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The Russo-Ukrainian War Enters Its Third Year

An Etiological Investigation

Written By:

Two years have passed since Russia invaded Eastern Ukraine, yet we are still debating why Russia invaded, what its ultimate goals might be, and how to end the conflict. This confusion, I submit, has much to do with our unwillingness to grasp the war’s true complexity, and can only be overcome if we recognize that it is a conflict with multiple levels.

The first level, familiar to many U.S. observers, is the strategic competition between Russia and the United States and the enduring conflict rooted in the question of to whose sphere of influence Ukraine belongs. Former U.S. Ambassador to NATO Ivo Daalder confirmed that much in 2016, arguing that the heart of the problem is “nothing has happened to suggest that the Russians are any more willing to give us control of Ukraine than they were before.” (Curiously, this wording went unchallenged for six years but was changed to “give up control of Ukraine” in March 2022, after the original quote went viral).

At a second level, however, the war represents a conflict between Russian and Ukrainian elites over whether they are one people or two and whether their relations should be fundamentally friendly or antagonistic. In Russia, antagonism is bolstered by the fear that far-right nationalism in Ukraine, which has grown steadily in influence since 2014, is transforming Ukraine into “anti-Russia”. In Ukraine, antagonism is fueled by the nationalist fear that friendly relations with Russia will prevent the emergence of a Ukrainian national identity. As former Ukrainian President Viktor Yushchenko put it, “If Russians and Ukrainians are one people, then the Ukrainian people do not exist.”

Neither of these elites is monolithic, and each is threatened by extremist factions who reinforce their fears—creating a dialectic of insecurity between Russia and Ukraine that overshadows the long history these two countries share and prevents any meaningful dialogue.

Neither of these elites is monolithic, and each is threatened by extremist factions who reinforce their fears—creating a dialectic of insecurity between Russia and Ukraine that overshadows the long history these two countries share and prevents any meaningful dialogue.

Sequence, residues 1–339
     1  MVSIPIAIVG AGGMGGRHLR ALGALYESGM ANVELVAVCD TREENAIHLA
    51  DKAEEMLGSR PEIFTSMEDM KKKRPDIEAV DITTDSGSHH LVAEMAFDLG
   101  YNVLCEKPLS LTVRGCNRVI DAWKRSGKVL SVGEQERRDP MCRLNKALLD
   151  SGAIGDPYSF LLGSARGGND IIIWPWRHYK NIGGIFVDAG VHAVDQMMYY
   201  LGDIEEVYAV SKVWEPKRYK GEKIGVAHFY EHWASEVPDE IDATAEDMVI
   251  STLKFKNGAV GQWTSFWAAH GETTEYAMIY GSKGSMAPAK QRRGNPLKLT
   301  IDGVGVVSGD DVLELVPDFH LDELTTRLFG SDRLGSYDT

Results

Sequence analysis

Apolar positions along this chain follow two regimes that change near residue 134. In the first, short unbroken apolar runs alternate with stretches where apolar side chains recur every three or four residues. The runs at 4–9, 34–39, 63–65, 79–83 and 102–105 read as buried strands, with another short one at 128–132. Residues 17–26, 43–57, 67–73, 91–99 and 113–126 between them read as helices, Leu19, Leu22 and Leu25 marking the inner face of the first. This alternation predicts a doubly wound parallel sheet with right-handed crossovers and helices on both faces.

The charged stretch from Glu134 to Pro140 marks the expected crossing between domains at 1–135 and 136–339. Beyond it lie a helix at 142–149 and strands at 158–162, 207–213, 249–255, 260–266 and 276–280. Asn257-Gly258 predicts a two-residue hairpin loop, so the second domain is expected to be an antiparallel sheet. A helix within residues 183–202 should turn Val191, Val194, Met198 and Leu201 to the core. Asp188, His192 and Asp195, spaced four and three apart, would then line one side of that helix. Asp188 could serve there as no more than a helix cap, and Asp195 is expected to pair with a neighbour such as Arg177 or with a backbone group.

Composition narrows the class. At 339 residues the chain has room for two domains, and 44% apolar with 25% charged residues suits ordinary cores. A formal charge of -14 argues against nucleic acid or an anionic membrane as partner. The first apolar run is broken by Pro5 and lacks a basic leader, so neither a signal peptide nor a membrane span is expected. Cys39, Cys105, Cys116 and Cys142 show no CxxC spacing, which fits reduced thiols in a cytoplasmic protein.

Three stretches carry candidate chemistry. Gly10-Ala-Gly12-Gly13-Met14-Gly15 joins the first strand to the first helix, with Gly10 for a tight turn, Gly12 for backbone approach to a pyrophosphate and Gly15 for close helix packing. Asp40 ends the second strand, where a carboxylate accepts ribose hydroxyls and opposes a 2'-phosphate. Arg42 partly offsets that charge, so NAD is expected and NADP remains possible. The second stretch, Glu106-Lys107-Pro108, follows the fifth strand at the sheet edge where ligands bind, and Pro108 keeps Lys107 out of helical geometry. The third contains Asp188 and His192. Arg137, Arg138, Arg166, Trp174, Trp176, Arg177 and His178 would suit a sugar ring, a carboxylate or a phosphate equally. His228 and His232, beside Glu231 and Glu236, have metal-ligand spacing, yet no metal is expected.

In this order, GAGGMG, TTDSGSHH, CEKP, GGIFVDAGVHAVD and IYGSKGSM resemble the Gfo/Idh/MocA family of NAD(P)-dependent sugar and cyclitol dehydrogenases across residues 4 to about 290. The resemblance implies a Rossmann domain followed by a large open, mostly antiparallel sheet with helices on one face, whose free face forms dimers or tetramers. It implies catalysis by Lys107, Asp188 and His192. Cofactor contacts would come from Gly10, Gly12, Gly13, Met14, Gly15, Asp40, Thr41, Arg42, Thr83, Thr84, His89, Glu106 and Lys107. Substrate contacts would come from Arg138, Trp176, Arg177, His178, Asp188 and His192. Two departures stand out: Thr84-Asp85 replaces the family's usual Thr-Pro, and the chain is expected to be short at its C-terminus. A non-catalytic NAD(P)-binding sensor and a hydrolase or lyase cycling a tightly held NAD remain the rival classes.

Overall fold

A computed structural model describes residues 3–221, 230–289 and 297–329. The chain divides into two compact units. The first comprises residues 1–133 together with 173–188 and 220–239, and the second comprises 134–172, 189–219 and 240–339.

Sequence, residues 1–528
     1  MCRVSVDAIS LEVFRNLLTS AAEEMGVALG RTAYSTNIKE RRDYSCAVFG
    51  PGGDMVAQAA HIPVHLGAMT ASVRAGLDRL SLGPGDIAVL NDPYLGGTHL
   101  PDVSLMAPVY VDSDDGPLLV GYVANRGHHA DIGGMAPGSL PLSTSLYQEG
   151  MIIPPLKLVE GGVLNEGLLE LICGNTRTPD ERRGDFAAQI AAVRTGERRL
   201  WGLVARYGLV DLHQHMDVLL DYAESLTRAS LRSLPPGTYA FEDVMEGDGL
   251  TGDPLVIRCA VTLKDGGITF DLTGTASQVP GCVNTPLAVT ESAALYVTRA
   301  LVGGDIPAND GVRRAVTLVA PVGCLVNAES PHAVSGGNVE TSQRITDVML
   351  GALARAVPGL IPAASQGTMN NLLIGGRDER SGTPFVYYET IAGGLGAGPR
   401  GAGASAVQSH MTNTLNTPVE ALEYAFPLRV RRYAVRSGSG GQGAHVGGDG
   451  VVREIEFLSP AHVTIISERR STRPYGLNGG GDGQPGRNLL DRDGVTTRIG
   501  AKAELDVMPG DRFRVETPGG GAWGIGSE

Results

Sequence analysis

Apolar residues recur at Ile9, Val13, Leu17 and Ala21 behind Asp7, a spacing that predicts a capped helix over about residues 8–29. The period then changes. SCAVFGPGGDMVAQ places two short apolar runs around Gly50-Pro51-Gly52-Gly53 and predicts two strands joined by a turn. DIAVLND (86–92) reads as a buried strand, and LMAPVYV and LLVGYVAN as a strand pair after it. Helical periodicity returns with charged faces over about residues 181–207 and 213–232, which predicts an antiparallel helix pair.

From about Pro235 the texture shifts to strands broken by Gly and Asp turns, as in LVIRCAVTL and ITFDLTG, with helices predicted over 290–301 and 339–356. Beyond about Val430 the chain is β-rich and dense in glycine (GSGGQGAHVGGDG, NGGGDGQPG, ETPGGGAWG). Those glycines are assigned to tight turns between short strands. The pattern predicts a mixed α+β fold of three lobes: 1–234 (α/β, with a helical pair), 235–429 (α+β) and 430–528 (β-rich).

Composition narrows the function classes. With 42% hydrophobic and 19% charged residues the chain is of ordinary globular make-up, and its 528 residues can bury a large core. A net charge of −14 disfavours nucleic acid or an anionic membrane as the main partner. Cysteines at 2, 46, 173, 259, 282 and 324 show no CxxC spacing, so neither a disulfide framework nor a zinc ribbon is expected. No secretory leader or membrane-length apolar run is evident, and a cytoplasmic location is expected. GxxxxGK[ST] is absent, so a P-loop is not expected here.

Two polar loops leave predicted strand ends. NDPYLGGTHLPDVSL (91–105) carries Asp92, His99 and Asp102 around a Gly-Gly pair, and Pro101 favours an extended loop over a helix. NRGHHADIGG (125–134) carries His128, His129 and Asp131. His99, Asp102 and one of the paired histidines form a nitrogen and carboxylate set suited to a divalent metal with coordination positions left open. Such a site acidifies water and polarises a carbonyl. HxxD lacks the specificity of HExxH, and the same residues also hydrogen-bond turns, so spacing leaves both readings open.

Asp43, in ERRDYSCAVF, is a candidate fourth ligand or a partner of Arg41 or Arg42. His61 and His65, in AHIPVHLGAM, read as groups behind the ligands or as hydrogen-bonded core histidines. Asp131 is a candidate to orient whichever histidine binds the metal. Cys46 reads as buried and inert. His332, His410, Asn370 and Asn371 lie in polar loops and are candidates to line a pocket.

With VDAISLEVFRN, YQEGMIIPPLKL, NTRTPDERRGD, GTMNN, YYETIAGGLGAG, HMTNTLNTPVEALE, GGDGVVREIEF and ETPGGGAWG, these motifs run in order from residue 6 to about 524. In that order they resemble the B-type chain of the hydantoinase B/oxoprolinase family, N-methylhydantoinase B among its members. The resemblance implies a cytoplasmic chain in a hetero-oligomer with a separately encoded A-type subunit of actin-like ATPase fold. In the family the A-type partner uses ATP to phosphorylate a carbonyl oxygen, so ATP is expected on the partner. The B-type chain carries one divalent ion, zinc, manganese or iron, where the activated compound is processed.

Since the main source of these fears is the Ukrainian Far Right, we should try to define this term.

In Ukraine, the Far Right encompasses a broad spectrum of organizations that seek to reshape public awareness in a nationalistic, even totalistic, direction. In Ukraine, such groups often  have civic as well as paramilitary branches that were created to defend Ukraine against all enemies, foreign and domestic. The Far Right regularly applies the “domestic enemy” label to Ukrainian citizens who do not share the goal of establishing what the nationalist partisans deem a truly Ukrainian Ukraine.

In their mind, a truly Ukrainian Ukraine is a monolith in which Ukrainian is the sole language of public discourse, the Ukrainian Greek Catholic Church (and now the recently formed Orthodox Church of Ukraine) are preferred by the state, and all state institutions are committed to creating a society in which “Ukrainian values” dominate the political, social, and cultural landscape. In the words of Ukraine’s first language ombudsman, Tatyana Monakhova, the “dream” is to create “a powerful, homogeneous Ukrainian monolith—a society of the like-minded, who speak the state language, having no disagreements on major issues of state.”

Historically, the Far Right has gotten few votes outside of three far-western regions of Ukraine. Still, because it played such a crucial role in organizing paramilitary opposition to the Ukrainian government during the 2014 Maidan, it can now set de facto limits on the policies that elected officials can pursue.

These limits were clearly signaled to both President Poroshenko and President Zelensky. In August 2015, President Poroshenko was forced to scuttle the regional autonomy provisions of the Minsk-2 Accords, after a grenade killed three national guardsmen in front of the Ukrainian parliament. And, despite winning more than 70% of the vote for promising peace, Zelensky, as president, was forced to make an about-face after Far Right activists openly opposed his 2019 peace plan, attacked the Presidential office building, and threatened to hang him if he continued to negotiate with Russia.

The internal conflict in Ukraine over who gets to define what it means to be Ukrainian... language usage and cultural identity have long been instrumentalized by politicians to rally local political support.